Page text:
The human rights organization Freedom Defense Initiative (FDI) and Stop Islamization of America (SIOA) will be hosting a pro-freedom Rally of Remembrance against the Ground Zero mega-mosque on September 11 at 3pm at Park Place and West Broadway.
The confirmed list of speakers includes 9/11 family members, former U. S. Ambassador to the United Nations John Bolton (video message); the Dutch Parliamentarian and freedom fighter Geert Wilders; journalist Andrew Breitbart (video message); war hero and North Carolina Congressional candidate Ilario Pantano; nationally syndicated conservative radio host Mike Gallagher; Nelly Braginskaya, 911 family member — mother to Alex; Muslim Iranian activist Sam Khoshbaten; Coptic Christian activist Joseph Nassralla; Lisa Vincent, widow of author and journalist Steven Vincent, who was killed in Iraq;Narain Kataria, President of the Indian-American Intellectuals Forum, Sudanese ex-slave and human rights activist Simon Deng; Jordan Sekulow of the American Center for Law and Justice, which has filed suit to stop the Ground Zero mega-mosque; Dan Weber, founder of the Association of Mature American Citizens; James Lafferty, VAST; Professor Richard Connerney of Pace University (Pace lost 4 students and 43 alumni); Darla Dawald, National Director of ResistNet.com; and Satya Dosapati of Hindu Human Rights Watch, Pamela Hall, NY Leader, SIOA.
The rally will begin with a brief memorial service for the victims of the 9/11 attacks, featuring prayers offered by a rabbi, a minister and a priest for the families of the victims and for the nation.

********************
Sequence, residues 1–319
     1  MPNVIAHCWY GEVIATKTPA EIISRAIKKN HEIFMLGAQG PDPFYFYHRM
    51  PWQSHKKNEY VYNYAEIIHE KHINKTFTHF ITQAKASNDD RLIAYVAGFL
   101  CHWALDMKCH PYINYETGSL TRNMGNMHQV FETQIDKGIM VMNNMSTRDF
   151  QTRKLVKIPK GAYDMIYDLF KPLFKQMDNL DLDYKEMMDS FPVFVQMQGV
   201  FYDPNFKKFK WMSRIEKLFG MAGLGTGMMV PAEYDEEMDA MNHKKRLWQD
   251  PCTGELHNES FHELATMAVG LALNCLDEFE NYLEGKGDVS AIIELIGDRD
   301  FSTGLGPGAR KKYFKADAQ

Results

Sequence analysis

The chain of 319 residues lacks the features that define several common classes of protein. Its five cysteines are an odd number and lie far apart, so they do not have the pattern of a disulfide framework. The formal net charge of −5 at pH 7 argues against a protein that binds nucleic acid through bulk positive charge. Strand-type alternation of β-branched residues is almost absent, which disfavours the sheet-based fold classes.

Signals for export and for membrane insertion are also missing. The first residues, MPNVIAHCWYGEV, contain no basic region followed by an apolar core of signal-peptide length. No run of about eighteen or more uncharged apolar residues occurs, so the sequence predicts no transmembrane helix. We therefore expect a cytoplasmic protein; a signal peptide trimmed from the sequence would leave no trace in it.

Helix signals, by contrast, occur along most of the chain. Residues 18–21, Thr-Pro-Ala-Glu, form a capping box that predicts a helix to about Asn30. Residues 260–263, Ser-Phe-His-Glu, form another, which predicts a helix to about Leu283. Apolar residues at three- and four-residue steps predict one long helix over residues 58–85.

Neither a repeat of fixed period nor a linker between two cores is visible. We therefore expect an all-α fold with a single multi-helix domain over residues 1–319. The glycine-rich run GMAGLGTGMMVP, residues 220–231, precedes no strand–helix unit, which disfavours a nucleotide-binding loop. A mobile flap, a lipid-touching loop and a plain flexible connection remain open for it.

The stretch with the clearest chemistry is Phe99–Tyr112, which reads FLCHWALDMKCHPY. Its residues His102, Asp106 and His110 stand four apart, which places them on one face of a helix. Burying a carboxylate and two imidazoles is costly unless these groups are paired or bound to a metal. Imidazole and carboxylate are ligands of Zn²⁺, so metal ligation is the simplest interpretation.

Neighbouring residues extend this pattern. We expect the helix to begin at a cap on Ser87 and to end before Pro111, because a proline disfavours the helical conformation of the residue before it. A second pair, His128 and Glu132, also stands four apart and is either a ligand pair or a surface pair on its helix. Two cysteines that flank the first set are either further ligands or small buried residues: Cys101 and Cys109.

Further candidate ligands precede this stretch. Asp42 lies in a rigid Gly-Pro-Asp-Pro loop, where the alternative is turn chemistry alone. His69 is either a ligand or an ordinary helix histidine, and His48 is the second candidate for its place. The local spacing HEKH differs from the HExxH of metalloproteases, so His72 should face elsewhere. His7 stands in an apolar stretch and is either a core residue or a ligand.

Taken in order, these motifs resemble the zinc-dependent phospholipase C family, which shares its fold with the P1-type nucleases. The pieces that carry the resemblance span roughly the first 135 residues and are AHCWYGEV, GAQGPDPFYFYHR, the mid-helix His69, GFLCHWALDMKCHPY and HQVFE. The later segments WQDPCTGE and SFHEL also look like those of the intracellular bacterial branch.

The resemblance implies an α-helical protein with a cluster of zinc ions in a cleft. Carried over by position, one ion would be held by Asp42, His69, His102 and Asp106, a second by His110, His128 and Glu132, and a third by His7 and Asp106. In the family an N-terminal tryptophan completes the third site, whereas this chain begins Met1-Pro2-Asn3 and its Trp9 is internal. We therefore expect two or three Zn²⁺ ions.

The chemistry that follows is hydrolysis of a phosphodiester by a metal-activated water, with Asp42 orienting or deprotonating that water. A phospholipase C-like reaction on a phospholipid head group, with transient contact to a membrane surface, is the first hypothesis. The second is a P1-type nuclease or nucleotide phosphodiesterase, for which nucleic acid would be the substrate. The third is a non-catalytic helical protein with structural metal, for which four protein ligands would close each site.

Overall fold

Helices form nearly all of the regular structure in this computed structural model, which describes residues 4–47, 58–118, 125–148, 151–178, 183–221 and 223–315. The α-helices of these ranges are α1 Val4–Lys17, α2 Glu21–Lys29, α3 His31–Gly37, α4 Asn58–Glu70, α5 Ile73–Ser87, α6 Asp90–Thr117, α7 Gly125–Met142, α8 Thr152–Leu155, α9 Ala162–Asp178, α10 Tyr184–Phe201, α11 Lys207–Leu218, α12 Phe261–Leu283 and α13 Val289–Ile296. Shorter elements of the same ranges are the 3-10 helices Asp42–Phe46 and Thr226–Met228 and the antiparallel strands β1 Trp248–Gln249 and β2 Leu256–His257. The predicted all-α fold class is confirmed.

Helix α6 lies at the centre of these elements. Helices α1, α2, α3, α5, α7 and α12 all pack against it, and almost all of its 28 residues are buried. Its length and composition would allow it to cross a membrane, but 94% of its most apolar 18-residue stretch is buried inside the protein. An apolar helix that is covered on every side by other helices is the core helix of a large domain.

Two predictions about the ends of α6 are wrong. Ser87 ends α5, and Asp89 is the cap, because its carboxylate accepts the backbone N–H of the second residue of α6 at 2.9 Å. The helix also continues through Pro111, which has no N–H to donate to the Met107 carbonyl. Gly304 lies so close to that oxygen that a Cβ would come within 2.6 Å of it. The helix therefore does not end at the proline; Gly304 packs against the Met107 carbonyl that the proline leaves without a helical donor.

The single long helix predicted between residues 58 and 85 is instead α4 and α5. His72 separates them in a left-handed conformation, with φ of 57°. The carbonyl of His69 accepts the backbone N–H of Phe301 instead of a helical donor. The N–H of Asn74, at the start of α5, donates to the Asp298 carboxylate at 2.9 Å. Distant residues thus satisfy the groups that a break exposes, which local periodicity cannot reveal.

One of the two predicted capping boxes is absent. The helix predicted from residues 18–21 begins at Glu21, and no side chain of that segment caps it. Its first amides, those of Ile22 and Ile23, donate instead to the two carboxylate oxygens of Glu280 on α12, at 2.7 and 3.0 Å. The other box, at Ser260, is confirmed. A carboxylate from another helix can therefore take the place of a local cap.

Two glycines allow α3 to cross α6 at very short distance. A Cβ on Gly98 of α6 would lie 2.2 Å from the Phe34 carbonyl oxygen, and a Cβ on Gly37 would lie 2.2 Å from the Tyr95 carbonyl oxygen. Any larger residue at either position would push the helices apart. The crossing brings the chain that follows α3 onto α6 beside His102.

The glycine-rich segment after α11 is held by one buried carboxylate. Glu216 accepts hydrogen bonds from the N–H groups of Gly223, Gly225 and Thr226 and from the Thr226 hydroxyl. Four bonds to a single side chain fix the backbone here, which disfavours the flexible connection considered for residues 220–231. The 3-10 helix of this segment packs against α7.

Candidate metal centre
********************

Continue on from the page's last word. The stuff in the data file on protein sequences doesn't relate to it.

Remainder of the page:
One of the buglers playing Taps is Tom Butterfield. He is a descendant of General Daniel Butterfield, who wrote “Taps” during the Civil War.
The acclaimed vocalist Sarah Lee Michaels will sing the National Anthem.
Filed under: Culture, Evil, Government, History, Justice, National Defense, News, Patriotism, Politics, Religion, Terrorism | Tagged: Andrew Breitbart, Geert Wilders, Human rights, Mike Gallagher, Pace University, September 11 attacks, Steven Vincent, United States | Comments Off
Quoting Charles H. Spurgeon:
The first time our young dog heard the thunder it startled him. He leaped up, gazed around in anger, and then began to bark at the disturber of his peace. When the next crash came he grew furious, and flew round the room, seeking to tear in pieces the intruder who dared thus to defy him. It was an odd scene. The yelping of a dog pitted against the artillery of heaven! Poor foolish creature, to think that his bark could silence the thunder-clap, or intimidate the tempest! What was he like? His imitators are not far to seek. Among us at this particular juncture there are men of an exceedingly doggish breed who go about howling at their Maker. They endeavor to bark the Almighty out of existence, to silence the voice of his gospel, and to let him know that their rest is not to be disturbed by his warnings. We need not particularize; the creatures are often heard, and are very fond of public note, even when it takes an unfriendly form. Let them alone. They present a pitiful spectacle. We could smile at them if we did not feel much more compelled to weep. The elements of a tragedy are wrapt up in this comedy. To-day they defy their Maker, but to-morrow they may be crushed beneath his righteous indignation. At any rate, the idea of fearing them must never occur to us; their loudest noise is vocalized folly; their malice is impotent, their fury is mere fume. “He that sitteth in the heavens doth laugh: the Lord doth have them in derision.” (August, 1883 Sword and Trowel)